CONCORD — New Hampshire is seeking medically-trained volunteers to support health care providers and is working to connect businesses and individuals with other opportunities to help as the coronavirus spreads. But Republican Gov. Chris Sununu isn't ready to issue a stay-at-home order.
A look at other developments in New Hampshire:
CALLING ALL VOLUNTEERS
Volunteers needed include licensed, as well as retired, doctors, nurses, respiratory therapists, administrative, transportation, information technology, and security professionals. They can register online at www.nhresponds.org, a site that was created to get help with emergency situations following 9/11. Medical corps, community emergency response, disaster animal and behavioral health response teams have formed to respond to past crises.
“This is an all-hands-on-deck moment for our state,” Lori Shibinette, Health and Human Services commissioner, said at a news conference Tuesday.
More than 100 people in New Hampshire have been diagnosed with COVID-19, the disease caused by the new coronavirus. State health officials said Tuesday that one of them took a Concord Coach Lines bus between Concord and Boston on March 11 and 14; from Boston to Littleton on March 13 and from Boston to Concord on March 16. Those who rode the bus at the same time are being asked to stay home and monitor their health.
For most people, the virus causes only mild or moderate symptoms, such as fever or coughing. But for some older adults and people with existing health problems, it can cause more severe illness, including pneumonia. More than 100,000 people have recovered.
OPEN, FOR NOW
The coronavirus situation in New Hampshire doesn’t yet warrant a stay-at-home order, Republican Gov. Chris Sununu said Tuesday.
“We very well may have to take steps in the future to escalate things. We’re not there today. We’re going to look at the variables, the interaction with our citizens, how businesses are doing,” he said.
Those variables include surrounding states, he said. The governors of Massachusetts and Vermont have issued stay-at-home orders and, along with Maine, have closed all nonessential businesses. Sununu said most non-essential businesses in New Hampshire already have closed.
The New Hampshire Food Bank has set up a website in preparation for an anticipated increase in food insecurity due to the impact of the new coronavirus.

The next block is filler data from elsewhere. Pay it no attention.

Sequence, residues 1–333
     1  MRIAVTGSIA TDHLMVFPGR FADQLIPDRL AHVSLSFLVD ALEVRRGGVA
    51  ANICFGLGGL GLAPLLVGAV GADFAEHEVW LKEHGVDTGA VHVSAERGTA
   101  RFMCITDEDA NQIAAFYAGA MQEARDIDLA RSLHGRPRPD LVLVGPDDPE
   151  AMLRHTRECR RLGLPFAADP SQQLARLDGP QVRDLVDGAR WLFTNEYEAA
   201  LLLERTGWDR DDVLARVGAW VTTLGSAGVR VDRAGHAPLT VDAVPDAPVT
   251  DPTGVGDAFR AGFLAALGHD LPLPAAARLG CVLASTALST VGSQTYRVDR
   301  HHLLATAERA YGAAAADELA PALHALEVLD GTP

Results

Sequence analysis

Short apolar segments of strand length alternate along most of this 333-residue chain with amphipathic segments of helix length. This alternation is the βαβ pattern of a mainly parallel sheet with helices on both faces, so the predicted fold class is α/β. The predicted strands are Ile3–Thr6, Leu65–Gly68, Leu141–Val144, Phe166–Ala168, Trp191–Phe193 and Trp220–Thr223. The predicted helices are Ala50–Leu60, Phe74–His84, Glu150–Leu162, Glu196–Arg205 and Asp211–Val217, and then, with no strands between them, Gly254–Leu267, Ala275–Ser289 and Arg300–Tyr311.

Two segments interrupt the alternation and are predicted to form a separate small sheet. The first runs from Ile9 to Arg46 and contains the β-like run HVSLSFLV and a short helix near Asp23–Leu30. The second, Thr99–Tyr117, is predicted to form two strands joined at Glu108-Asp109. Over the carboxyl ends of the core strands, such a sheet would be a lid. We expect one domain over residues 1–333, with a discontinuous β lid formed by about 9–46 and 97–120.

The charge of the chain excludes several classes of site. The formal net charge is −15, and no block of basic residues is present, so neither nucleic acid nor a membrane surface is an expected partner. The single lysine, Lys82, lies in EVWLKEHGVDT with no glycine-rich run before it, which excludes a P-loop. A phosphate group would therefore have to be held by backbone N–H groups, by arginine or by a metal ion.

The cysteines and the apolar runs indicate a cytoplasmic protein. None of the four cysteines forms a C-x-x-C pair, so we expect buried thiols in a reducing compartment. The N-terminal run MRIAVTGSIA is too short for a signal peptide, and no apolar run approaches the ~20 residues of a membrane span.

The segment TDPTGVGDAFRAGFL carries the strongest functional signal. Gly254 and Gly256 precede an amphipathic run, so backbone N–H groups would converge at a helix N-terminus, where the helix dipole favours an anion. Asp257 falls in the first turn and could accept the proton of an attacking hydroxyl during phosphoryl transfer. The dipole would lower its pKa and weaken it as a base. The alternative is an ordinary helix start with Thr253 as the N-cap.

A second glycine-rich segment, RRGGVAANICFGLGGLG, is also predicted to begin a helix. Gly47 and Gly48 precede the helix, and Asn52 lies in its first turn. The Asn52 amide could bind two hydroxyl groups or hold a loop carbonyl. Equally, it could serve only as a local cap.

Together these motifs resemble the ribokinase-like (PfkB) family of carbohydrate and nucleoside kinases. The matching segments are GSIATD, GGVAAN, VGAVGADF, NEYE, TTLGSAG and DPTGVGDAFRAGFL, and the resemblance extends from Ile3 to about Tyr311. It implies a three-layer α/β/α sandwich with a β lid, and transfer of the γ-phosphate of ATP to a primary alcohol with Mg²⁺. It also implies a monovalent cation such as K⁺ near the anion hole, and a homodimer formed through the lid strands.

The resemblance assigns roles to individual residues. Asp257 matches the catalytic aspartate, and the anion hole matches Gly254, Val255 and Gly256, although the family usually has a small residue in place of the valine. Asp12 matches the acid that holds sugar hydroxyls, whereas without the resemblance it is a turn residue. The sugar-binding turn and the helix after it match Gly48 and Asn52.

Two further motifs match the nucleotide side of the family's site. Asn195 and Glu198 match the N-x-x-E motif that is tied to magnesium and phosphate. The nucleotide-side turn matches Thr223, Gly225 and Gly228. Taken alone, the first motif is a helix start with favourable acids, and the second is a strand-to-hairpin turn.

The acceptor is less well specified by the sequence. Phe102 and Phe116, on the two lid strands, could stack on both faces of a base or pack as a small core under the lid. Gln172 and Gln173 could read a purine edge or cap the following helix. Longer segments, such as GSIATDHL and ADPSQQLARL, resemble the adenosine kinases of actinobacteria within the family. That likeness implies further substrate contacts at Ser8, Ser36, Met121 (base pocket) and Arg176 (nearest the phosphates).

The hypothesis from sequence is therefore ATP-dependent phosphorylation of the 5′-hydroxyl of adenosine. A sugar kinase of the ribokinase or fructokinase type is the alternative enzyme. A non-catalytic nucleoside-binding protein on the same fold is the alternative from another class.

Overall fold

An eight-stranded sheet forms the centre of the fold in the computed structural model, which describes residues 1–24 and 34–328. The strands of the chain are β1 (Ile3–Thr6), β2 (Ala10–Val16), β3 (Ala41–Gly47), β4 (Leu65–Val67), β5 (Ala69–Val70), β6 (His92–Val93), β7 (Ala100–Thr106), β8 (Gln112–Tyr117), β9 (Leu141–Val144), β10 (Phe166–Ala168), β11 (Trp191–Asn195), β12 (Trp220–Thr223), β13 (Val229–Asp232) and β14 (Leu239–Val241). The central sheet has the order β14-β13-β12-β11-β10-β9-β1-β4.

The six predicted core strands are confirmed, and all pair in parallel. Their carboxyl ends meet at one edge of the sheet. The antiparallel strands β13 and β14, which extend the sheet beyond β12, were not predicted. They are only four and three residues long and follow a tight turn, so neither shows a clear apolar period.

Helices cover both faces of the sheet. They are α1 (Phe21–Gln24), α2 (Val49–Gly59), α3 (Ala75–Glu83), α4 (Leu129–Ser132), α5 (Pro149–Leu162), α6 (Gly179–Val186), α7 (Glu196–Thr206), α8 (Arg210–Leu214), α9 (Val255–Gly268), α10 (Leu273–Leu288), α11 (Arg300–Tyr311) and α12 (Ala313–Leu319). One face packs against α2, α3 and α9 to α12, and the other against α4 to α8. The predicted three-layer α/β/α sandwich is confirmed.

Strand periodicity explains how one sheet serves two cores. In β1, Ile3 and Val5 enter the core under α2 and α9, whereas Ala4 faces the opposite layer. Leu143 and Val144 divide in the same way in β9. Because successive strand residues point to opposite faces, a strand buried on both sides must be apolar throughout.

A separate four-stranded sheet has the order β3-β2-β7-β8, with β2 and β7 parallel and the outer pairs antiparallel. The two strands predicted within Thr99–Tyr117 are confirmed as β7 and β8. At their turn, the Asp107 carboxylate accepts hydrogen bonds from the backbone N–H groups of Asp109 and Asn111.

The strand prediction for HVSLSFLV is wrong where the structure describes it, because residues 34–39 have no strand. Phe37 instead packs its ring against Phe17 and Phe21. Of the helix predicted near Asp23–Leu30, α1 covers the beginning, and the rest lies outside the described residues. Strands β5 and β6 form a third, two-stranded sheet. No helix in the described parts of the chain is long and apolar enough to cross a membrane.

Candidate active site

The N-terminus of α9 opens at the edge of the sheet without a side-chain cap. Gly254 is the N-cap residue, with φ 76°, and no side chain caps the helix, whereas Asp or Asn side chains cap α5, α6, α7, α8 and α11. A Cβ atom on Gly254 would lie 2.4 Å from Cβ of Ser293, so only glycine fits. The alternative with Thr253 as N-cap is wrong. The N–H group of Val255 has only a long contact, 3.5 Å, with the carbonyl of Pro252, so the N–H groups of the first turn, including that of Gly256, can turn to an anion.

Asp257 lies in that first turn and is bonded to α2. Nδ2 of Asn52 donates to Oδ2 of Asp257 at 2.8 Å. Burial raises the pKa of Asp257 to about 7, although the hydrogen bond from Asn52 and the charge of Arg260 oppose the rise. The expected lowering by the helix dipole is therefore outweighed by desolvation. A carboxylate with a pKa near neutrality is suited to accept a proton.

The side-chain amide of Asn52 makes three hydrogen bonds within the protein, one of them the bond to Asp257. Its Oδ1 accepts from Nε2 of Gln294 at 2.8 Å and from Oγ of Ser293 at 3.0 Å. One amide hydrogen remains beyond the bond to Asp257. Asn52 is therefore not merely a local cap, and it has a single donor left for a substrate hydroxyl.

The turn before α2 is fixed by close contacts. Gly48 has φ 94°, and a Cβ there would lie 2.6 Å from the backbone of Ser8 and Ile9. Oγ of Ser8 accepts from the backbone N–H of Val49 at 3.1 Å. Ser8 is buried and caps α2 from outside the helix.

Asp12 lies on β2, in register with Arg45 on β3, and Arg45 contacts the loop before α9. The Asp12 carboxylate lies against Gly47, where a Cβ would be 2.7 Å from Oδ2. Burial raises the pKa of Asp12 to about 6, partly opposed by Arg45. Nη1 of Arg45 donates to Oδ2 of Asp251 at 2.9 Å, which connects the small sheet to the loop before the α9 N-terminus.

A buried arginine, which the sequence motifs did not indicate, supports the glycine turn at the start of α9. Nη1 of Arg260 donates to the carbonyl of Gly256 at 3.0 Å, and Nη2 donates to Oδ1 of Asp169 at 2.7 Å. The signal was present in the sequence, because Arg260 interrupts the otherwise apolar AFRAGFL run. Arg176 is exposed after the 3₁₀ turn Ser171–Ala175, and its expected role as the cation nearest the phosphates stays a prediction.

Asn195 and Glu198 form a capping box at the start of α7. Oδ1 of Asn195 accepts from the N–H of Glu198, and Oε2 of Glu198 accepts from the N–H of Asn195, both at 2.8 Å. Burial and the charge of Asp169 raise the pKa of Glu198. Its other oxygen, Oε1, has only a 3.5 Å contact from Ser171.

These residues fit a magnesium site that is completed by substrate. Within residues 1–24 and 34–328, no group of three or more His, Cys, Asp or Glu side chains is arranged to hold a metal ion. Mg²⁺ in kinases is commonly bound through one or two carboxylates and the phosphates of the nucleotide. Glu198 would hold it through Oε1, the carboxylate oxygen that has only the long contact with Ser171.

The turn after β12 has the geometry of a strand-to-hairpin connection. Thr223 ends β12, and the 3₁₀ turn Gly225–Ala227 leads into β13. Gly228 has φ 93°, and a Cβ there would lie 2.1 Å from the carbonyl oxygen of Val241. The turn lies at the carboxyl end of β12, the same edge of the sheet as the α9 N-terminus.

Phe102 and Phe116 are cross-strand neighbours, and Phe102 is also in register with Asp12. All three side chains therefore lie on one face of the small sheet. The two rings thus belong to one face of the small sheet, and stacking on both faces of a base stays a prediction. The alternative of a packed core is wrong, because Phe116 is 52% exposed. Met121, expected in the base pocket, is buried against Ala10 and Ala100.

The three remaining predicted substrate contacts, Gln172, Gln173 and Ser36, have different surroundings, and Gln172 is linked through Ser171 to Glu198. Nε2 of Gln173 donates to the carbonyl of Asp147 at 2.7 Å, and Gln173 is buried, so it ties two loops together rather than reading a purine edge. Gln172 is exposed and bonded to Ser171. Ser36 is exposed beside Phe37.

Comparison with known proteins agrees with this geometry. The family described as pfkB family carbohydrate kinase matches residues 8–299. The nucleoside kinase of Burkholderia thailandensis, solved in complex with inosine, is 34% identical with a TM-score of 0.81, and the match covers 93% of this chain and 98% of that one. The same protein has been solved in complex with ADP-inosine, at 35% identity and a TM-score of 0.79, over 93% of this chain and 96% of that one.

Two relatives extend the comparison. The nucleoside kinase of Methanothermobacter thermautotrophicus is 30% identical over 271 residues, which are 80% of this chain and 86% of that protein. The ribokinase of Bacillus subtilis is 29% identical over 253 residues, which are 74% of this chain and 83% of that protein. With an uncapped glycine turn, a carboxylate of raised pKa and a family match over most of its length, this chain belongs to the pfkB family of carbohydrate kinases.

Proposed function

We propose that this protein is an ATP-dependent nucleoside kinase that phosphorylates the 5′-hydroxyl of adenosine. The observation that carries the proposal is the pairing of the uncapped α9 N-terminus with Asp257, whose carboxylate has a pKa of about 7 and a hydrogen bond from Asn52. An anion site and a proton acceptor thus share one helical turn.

The site, www.nhfoodbank.org/covid-19/, provides a secure online portal for making donations, and for informing employees, partners and clients.
“We are already seeing an overall increase in orders and we are seeing a number of agencies that have not needed our resources in some time reaching out and placing orders for food,” said Eileen Liponis, executive director.
The food bank will drop off truckloads of food with a partner agency that will handle distribution to families and individuals in need.
COMMUNITY HEALTH CENTERS
Community health providers across New Hampshire are getting $586,000 from the federal government to prepare for and respond to the coronavirus.
The funding from the Department of Health and Human Services will go to the city of Manchester, Harbor Homes in Nashua and community health centers in Littleton, Manchester, Berlin, Somersworth, Franklin, Colebrook and Plymouth. Part of $100 million being distributed nationwide, the money can be used for screening, testing, medical supplies and increasing telehealth capacity.
ON A LIGHTER NOTE
Republican Gov. Chris Sununu's wife, Valerie, has been sharing words of encouragement on Instagram. On Tuesday, she reminded viewers to take a moment to relax. “Parents, I'm talking to you," she said in a brief video. "Take your breaks. Hide. Closet? Laundry room? Bathroom? Car?”